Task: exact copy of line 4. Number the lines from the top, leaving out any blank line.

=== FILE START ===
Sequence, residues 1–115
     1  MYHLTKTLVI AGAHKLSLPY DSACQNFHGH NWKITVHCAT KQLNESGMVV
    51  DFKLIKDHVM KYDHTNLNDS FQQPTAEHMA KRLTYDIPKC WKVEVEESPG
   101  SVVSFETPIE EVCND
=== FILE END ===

   101  SVVSFETPIE EVCND